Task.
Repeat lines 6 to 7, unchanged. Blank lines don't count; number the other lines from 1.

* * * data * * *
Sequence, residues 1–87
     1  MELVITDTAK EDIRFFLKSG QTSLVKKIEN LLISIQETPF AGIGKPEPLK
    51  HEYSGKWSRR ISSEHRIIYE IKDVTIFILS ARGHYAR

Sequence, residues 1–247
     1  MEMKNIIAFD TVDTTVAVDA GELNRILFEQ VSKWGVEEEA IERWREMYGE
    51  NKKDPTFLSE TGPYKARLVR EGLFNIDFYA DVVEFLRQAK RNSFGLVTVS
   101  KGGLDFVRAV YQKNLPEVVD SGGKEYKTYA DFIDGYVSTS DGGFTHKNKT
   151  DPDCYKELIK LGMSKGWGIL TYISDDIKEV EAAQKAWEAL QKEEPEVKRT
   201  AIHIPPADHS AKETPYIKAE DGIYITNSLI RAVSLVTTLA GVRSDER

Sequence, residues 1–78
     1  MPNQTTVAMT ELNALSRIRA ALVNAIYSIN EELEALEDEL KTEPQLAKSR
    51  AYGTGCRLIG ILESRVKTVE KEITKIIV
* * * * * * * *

    51  NKKDPTFLSE TGPYKARLVR EGLFNIDFYA DVVEFLRQAK RNSFGLVTVS
   101  KGGLDFVRAV YQKNLPEVVD SGGKEYKTYA DFIDGYVSTS DGGFTHKNKT